Anyway, where was I…oh, yes, the Rifle Brigade Hotel in Bendigo and enjoying my first pint of Coopers Sparkling Ale. The Rifle Brigade Hotel, which was situated opposite the old army barracks (hence its name), in a sense themed itself as an ‘Olde Australia Pub’ – which in essence means it modelled itself on old English and Irish pubs but didn’t push traditional English and Irish Beers. In fact, it set up its own micro-brewery and started pushing out its own brews — but in all honesty, I was too young to experiment, and taste wise, wander off the beaten path (today, that is almost shameful and regretful, but I’ll pass it off as the ‘folly of my youth’).
My experimentation was limited to Coopers Sparkling Ale, which was a marvel to behold. Unlike the lagers I was used to drinking, here was a beer, while being golden in colour, when you held it up to the light, you could not see from one side of the glass to the other.
Now if you’ll let me digress once again, and in the interests of educating anyone who plans to visit Australia and sample some of the amber nectar, let me explain labelling means SFA (‘Sweet F#ck All’) in Australia. Firstly, let’s deal with the Foster’s issue. Foster’s Lager may be one of the top six beer brands in the world, but it only accounts for about 1% of the Australian market – and may I suggest, the flavour that you get overseas will not reflect the flavour in the average can of Aussie Foster’s. But at least it is honest and calls itself a Lager. Australia’s biggest selling brand, which is Victoria Bitter – or more affectionately known as ‘VB’ is also a Lager in a very similar style. The name is a throwback to the 1800s when it used to be Victoria Bitter Ale. Likewise, Carlton Draught is a Lager. Draught, originally implying it was a beer originally only available on tap. Melbourne Bitter too, is not a Bitter Ale, but a Lager. The majority of Australian beers are pale golden lagers that are highly carbonated (especially when compared to English brews). I would suggest most untrained palates, will not be able to tell the difference between these beers.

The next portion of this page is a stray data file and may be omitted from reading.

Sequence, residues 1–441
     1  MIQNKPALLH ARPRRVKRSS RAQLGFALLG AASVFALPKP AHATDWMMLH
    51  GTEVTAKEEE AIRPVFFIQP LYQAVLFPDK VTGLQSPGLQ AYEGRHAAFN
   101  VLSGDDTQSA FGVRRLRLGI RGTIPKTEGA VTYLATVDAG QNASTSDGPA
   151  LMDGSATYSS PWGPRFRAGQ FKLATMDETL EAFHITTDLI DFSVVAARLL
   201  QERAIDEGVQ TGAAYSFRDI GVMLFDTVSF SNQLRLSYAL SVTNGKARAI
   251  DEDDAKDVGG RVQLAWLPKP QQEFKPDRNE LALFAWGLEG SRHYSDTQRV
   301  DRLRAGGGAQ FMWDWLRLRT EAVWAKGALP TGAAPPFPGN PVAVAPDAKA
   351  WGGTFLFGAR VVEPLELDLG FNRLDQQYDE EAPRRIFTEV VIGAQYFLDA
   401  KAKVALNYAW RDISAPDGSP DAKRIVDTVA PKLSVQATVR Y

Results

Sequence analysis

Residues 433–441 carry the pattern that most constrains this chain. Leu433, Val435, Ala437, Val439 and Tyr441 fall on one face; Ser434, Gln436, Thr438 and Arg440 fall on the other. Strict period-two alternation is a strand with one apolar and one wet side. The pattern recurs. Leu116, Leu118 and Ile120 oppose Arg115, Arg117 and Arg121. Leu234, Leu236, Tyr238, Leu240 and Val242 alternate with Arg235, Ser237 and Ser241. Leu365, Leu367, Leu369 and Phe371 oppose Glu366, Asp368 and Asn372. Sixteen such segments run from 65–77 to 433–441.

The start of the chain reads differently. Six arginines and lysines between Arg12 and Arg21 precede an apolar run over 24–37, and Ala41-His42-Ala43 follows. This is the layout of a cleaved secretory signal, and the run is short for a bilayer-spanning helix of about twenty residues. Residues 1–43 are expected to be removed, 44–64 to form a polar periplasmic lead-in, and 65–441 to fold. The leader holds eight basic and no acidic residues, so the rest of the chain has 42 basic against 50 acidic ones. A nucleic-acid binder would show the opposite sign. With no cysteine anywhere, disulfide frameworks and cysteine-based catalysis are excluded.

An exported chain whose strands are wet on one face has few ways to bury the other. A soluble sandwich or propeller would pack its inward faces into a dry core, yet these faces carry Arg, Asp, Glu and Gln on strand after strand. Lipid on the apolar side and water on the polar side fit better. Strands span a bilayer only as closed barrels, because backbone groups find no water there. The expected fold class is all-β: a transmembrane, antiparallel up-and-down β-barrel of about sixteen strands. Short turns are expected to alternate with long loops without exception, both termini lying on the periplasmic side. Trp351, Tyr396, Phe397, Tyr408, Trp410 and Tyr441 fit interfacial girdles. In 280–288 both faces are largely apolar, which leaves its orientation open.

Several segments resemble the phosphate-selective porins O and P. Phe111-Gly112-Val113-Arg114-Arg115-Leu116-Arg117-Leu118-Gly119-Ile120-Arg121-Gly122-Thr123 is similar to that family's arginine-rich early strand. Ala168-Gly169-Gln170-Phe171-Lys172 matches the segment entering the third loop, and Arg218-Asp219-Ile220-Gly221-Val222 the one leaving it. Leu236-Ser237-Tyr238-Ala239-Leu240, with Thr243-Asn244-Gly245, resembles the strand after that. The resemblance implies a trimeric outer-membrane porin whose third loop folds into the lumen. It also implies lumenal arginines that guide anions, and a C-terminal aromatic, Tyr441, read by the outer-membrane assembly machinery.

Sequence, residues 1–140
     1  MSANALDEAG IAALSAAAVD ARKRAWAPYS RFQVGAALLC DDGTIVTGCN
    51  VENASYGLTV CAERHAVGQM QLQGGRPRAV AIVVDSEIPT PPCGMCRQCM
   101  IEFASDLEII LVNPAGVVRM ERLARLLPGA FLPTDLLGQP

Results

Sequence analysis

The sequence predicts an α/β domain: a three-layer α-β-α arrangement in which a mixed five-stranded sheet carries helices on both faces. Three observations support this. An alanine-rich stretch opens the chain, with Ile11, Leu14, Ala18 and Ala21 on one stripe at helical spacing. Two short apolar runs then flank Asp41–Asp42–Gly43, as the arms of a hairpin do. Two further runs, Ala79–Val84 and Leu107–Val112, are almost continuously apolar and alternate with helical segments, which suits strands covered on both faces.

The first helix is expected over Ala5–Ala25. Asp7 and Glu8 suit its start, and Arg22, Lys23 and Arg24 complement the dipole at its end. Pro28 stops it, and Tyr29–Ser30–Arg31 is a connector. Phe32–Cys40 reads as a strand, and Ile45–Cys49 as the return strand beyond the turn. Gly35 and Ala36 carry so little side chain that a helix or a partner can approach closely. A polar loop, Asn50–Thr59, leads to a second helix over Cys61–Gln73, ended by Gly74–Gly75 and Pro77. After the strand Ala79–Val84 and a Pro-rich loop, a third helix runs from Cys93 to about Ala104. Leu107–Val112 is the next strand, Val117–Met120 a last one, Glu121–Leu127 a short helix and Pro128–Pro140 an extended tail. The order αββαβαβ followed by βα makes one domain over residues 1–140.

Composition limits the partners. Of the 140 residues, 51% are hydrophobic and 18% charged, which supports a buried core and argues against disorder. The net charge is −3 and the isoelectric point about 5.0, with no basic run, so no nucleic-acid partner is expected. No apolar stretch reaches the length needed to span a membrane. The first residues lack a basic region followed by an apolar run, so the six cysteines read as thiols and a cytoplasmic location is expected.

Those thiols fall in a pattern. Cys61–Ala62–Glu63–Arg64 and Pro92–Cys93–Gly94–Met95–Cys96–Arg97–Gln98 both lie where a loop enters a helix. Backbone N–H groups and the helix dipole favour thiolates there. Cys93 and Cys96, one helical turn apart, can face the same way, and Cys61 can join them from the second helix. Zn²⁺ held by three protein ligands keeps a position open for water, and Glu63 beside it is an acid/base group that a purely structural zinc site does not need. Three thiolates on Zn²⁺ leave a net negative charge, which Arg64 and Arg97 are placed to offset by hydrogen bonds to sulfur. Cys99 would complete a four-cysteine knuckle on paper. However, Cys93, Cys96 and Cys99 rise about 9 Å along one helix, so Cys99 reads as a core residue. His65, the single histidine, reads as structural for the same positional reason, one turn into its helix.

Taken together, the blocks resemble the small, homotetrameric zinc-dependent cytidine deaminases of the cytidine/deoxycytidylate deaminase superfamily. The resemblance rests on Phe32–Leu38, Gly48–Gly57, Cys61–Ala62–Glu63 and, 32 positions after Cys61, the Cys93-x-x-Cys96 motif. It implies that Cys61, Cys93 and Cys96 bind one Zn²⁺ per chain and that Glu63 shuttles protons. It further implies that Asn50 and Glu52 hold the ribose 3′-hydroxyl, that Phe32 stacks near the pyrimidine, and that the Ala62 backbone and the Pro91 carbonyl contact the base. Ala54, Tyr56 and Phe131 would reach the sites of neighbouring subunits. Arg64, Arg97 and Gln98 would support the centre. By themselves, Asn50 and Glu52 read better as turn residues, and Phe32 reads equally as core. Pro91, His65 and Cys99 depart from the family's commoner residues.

Coopers Sparkling Ale, on the other hand is not a bottom-fermented lager, but a top-fermented ale. It’s also rare to find Coopers on tap. Mostly it comes in bottles, and the thing that puts many unseasoned drinkers off Coopers in the natural sediment that is found in the bottle. This sediment is a part of the secondary fermentation process which takes place in the bottle, and is what gives Coopers its cloudy appearance. An old advertising campaign for Coopers used the phrase ‘Cloudy but fine’, and that is the perfect description of this beer.
I have met people who refuse to drink down to the bottom of a bottle (or stubby) of Coopers. That’s silly. What you do, before you open the bottle is gently turn and twist the bottle, so the sediment (yeast) is shaken free, and for want of a better term, dissolves into the beer. It doesn’t really dissolve, it floats through the beer — but don’t worry, you won’t taste it.
I would suggest that Coopers Sparkling Ale is in the top two mass-produced beers in Australia. On its day it may be number one (I have a soft spot for Toohey’s Old but I’ll talk about that some other day). But it is a heavy beer, with a strong, bitter aftertaste. Definitely not a quaffing beer. Due to its fuller body, it’s probably not your first choice on a day where the temperature reaches over 30 degree Celsius either. It could seem a bit heavy and bloating. But on a fine spring or autumn day, where you can sit outside with friends — maybe with an anti-pasto or cheese platter, this beer is — dare I say it — one of the finest in the world of its kind.
Coopers Sparkling Ale is exported around the world, and although may be difficult to find, it is not impossible to find for those who are adventurous enough to tackle it.